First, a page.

# 12.4: Magnetic Field of a Current Loop

The circular loop of Figure has a radius *R*, carries a current *I*, and lies in the *xz*-plane. What is the magnetic field due to the current at an arbitrary point *P* along the axis of the loop?

**Figure 12.4.1.** Determining the magnetic field at point *P* along the axis of a current-carrying loop of wire.

We can use the Biot-Savart law to find the magnetic field due to a current. We first consider arbitrary segments on opposite sides of the loop to qualitatively show by the vector results that the net magnetic field direction is along the central axis from the loop. From there, we can use the Biot-Savart law to derive the expression for magnetic field.

Let *P* be a distance *y* from the center of the loop. From the right-hand rule, the magnetic field \(d\vec{B}\) at *P*, produced by the current element \(I \space d\vec{l}\) is directed at an angle \(\theta\) above the *y*-axis as shown. Since \(d\vec{l}\) is parallel along the *x*-axis and \(\hat{r}\) is in the *yz*-plane, the two vectors are perpendicular, so we have

\[dB = \frac{\mu_0}{4\pi} \frac{I \space dl \space sin \space \theta}{r^2} = \frac{\mu_0}{4\pi} \frac{I \space dl}{y^2 + R^2}\] where we have used \(r^2 = y^2 + R^2\).

Now consider the magnetic field \(d\vec{B}'\) due to the current element \(I \space d\vec{l}'\), which is directly opposite \(I \space d\vec{l}\) on the loop. The magnitude of \(d\vec{B}'\) is also given by Equation, but it is directed at an angle *y*-axis. The components of \(d\vec{B}\) and \(d\vec{B}'\) perpendicular to the *y*-axis therefore cancel, and in calculating the net magnetic field, only the components along the *y*-axis need to be considered. The components perpendicular to the axis of the loop sum to zero in pairs. Hence at point *P*:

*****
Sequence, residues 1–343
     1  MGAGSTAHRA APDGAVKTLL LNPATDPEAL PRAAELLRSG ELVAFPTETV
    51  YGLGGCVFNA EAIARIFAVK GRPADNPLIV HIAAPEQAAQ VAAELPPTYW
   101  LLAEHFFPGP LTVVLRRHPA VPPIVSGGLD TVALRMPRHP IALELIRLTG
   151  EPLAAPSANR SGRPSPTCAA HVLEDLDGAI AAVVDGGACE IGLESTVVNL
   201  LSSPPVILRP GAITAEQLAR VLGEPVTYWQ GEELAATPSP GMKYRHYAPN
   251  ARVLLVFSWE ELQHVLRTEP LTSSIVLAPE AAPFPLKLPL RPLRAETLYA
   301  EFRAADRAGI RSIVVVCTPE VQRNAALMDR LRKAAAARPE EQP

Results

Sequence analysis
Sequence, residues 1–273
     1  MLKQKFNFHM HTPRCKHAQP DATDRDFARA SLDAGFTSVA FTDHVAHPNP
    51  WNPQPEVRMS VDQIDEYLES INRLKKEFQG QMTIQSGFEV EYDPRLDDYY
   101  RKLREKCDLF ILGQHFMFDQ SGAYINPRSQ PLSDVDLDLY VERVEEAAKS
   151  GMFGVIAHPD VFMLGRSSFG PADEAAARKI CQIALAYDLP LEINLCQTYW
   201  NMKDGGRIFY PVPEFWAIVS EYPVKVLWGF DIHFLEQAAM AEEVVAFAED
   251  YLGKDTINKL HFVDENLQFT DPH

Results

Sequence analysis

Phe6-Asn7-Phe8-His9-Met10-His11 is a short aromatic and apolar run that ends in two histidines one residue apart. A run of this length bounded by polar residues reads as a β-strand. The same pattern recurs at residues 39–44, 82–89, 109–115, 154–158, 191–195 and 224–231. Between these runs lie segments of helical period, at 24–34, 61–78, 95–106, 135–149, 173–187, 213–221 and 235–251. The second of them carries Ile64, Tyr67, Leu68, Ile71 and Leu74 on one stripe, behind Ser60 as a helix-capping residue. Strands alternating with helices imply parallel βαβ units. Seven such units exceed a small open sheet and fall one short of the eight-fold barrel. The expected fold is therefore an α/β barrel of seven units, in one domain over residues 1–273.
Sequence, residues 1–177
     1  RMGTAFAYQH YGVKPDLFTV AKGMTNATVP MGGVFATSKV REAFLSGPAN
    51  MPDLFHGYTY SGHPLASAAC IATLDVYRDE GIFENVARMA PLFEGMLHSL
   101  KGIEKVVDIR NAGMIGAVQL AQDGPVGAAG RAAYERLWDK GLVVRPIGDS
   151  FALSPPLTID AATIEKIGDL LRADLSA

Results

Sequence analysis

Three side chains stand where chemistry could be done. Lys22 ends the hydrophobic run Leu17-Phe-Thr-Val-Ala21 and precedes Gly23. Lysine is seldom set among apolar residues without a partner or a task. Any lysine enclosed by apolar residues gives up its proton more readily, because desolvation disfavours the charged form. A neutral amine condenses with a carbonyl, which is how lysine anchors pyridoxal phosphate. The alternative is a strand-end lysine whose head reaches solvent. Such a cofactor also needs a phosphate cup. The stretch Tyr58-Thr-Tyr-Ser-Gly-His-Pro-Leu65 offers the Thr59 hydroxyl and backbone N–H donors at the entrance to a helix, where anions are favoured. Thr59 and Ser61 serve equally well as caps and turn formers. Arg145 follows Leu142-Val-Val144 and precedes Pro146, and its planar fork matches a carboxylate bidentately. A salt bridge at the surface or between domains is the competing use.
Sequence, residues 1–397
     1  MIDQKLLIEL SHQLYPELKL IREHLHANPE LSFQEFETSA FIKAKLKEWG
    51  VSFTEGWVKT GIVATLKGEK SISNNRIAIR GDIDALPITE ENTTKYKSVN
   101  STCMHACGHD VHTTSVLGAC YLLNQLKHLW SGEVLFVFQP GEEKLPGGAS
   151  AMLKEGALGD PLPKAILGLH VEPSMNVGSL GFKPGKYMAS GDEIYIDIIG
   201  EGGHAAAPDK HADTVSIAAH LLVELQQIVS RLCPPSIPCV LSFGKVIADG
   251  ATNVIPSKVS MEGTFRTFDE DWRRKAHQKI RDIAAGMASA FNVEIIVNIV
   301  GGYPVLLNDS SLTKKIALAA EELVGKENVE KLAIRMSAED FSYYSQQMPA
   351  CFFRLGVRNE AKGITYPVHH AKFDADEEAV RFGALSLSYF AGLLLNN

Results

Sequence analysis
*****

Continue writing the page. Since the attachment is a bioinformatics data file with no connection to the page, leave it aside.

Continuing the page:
\[\vec{B} = \hat{j} \int_{loop} dB \space cos \space \theta = \hat{j} \frac{\mu_0 I}{4\pi} \int_{loop}\frac{cos \space \theta \space dl}{y^2 + R^2}.\]

For all elements \(d\vec{l}\) on the wire, *y*, *R*, and \(\theta\) are constant and are related by

\[cos \space \theta = \frac{R}{\sqrt{y^2 + R^2}}.\]

Now from Equation, the magnetic field at *P* is

\[\vec{B} = \hat{j}\frac{\mu_0IR}{4\pi (y^2 + R^2)^{3/2}} \int_{loop}dl = \frac{\mu_0 IR^2}{2(y^2 + R^2)^{3/2}}\hat{j}\] where we have used \(\int_{loop}dl = 2\pi R\). As discussed in the previous chapter, the closed current loop is a magnetic dipole of moment \(\vec{\mu} = I \space A\hat{n}\). For this example, \(A = \pi R^2\) and \(\hat{n} = \hat{j}\), so the magnetic field at *P* can also be written as

\[\vec{B} = \frac{\mu_0 \mu \hat{j}}{2\pi (y^2 + R^2)^{3/2}}.\]

By setting \(y = 0\) in Equation, we obtain the magnetic field at the center of the loop:

Note

\[\vec{B} = \frac{\mu_0 I}{2R} \hat{j}.\]

This equation becomes \(B = \mu_0 n I/(2R)\) for a flat coil of *n* loops per length. It can also be expressed as

\[\vec{B} = \frac{\mu_0\vec{\mu}}{2\pi R^3}.\]

If we consider \(y >> R\) in Equation, the expression reduces to an expression known as the magnetic field from a dipole:

\[\vec{B} = \frac{\mu_0 \vec{\mu}}{2\pi y^3}.\]

The calculation of the magnetic field due to the circular current loop at points off-axis requires rather complex mathematics, so we’ll just look at the results. The magnetic field lines are shaped as shown in Figure. Notice that one field line follows the axis of the loop. This is the field line we just found. Also, very close to the wire, the field lines are almost circular, like the lines of a long straight wire.

**Figure 12.4.2.** Sketch of the magnetic field lines of a circular current loop.

Example